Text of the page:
In order to parse the equation, the program needs to determine what is an operator and what is a variable or constant and its execution order.

A Note About Math things

Execution Order

Consider the following: 2 + 4 / 2. At first glance, it looks like the answer is three, but that is incorrect. The multiplication and division have a higher operator order precedence and their calculations occur before addition and subtraction. This makes the actual answer 4. The C# compiler knows about order of operations and which happens first. When building the expression tree, the runtime doesn’t take this into account, and will execute each operation strictly from left to right. It is important to note this when creating and grouping the intermediate objects to form a tree with the execution order, so it is correct.

Making the Expression

The System.LINQ.Expressions.Expression is the class used to create the lambda expressions. The actual method to create the function is Expression.Lambda<T> and then call its compile function to turn it into a callable method.

The Lambda function requires two parameters, an Expression, and a ParameterExpression[]. The entries in the ParameterExpression[] are the parameters to the function and they are made by calling Expression.Parameter.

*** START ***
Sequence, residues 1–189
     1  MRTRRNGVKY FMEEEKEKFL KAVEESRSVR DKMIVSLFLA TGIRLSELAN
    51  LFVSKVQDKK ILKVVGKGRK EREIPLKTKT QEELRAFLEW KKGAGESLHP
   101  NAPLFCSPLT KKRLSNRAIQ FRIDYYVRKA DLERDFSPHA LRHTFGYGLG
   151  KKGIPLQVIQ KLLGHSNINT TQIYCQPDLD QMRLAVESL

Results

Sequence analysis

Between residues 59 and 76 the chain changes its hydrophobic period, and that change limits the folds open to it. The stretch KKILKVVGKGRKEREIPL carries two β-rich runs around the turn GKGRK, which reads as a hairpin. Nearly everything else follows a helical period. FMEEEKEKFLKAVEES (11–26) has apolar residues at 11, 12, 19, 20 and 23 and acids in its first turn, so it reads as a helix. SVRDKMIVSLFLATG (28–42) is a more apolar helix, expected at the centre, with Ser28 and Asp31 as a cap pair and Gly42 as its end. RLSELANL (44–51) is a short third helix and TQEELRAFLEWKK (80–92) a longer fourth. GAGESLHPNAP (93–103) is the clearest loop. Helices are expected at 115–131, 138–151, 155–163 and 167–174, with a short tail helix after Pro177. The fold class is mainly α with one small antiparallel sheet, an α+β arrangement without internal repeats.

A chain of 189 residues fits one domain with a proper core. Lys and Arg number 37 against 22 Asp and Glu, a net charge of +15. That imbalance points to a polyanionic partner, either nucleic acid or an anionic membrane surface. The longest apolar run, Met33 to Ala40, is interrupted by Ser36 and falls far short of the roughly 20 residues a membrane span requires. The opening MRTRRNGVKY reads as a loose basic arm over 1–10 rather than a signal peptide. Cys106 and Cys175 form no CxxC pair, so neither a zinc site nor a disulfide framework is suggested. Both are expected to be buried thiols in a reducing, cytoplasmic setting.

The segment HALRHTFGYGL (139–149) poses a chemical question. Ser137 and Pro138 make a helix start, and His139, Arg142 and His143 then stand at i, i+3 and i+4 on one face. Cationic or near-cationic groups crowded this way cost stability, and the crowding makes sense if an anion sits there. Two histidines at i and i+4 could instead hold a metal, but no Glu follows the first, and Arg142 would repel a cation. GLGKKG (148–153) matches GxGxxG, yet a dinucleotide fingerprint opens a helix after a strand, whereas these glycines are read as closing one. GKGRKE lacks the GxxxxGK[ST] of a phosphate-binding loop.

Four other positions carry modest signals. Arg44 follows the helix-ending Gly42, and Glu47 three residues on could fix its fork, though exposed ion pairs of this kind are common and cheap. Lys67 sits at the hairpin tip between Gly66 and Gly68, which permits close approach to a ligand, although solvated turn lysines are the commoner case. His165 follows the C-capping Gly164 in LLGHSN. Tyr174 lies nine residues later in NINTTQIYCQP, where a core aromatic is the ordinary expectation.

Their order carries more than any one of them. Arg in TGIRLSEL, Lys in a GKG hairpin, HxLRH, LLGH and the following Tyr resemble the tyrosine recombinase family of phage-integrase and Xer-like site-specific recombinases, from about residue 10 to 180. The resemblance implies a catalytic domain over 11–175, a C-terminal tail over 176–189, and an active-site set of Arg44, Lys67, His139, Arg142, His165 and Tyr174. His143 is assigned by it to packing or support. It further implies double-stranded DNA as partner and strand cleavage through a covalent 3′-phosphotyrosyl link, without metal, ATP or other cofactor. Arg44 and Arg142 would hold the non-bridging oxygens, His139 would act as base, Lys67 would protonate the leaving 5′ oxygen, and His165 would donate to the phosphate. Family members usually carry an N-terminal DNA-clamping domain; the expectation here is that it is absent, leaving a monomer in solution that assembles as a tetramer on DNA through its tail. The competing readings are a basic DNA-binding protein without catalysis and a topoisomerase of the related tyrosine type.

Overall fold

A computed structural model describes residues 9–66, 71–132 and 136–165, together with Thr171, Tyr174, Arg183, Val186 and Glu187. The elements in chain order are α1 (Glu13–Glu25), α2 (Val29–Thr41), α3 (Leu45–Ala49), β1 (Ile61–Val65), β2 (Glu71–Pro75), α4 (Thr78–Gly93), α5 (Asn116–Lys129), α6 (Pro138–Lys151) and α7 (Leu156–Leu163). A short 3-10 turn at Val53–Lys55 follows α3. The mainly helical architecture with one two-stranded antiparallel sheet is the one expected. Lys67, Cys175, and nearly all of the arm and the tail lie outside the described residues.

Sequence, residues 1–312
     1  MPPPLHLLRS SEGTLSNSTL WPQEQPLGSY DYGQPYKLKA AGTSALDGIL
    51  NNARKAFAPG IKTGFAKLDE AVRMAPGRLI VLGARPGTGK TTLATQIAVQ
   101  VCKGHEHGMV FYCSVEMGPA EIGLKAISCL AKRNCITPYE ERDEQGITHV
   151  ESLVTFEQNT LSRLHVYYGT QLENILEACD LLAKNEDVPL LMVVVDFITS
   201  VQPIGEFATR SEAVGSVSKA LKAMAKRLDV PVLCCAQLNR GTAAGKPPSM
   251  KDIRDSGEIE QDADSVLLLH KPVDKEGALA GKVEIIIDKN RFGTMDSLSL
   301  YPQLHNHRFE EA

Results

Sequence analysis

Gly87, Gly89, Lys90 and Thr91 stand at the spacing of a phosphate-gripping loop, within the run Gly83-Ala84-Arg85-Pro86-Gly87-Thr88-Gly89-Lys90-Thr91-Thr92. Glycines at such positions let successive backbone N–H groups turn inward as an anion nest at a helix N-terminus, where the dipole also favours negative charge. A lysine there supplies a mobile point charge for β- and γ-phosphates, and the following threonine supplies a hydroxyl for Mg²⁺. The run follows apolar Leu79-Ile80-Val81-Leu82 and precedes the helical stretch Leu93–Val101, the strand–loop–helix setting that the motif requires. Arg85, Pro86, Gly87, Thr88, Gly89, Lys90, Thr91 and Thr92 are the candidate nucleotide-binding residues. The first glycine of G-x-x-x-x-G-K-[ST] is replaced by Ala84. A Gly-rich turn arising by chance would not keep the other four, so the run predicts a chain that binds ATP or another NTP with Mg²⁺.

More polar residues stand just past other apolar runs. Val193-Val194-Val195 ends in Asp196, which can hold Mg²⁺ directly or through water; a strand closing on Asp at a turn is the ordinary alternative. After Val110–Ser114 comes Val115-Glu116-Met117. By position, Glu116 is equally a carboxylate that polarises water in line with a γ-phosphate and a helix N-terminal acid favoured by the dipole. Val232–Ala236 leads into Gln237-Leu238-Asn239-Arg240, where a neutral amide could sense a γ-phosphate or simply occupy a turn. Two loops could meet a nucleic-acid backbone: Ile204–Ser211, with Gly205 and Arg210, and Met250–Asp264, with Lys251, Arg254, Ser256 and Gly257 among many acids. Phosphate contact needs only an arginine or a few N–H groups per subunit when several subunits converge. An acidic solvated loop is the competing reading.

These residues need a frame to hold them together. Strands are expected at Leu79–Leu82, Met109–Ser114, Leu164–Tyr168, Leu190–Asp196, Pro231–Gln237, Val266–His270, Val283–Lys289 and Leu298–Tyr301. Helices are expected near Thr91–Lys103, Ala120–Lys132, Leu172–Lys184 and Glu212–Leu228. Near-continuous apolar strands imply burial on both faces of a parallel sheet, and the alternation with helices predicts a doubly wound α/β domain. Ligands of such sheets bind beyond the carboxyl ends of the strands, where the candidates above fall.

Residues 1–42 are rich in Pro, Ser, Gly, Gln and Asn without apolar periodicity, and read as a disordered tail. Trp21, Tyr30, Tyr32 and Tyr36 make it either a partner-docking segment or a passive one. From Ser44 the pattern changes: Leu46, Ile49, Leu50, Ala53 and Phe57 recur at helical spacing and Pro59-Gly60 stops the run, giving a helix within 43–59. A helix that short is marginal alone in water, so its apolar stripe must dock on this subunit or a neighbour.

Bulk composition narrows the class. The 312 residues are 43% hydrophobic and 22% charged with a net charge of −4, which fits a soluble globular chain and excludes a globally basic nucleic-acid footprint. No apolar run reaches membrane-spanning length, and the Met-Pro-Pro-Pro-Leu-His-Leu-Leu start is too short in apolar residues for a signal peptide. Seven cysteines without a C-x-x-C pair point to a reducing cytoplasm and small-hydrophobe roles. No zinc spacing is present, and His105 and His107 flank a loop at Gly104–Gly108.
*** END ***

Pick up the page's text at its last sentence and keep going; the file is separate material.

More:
Expression Body

Each Expression object is a tree of Expression objects. The four methods used to create the operator functions (Expression.Add, Expression.Subtract, Expression.Multiply, and Expression.Divide) all take two Expression parameters (the left term and the right term), and each Expression can be one of three things, a constant (Expression.Constant), the supplied parameter (ParameterExpression), or another Expression.

With this, all that is necessary is to convert the EquationPart tree into an expression.

Additional Actions

It might be necessary to do additional actions in the expression, for example method’s output could be logged to the console. To do this, the Lambda Expression would now need to:

1. Calculate the result of the equation (calling the created equation).
2. Assign that value to a variable.
3. Write the variable contents out to the console.
4. Return the result stored in the variable.

Right now, the body of the Lambda Expression is the result of a single Expression object. All the actions culminate to a single result, but when adding logging, this changes. Calculating the result and logging it are separate unrelated actions. The Expression.Block groups Expressions together, and returns the value from the last executed Expression.

The first step is creating a variable using Expression.Variable it takes a Type and optionally a variable name.

Then assign the results of the body Expression to it:

Now the system can log the result, by using Expression.Call.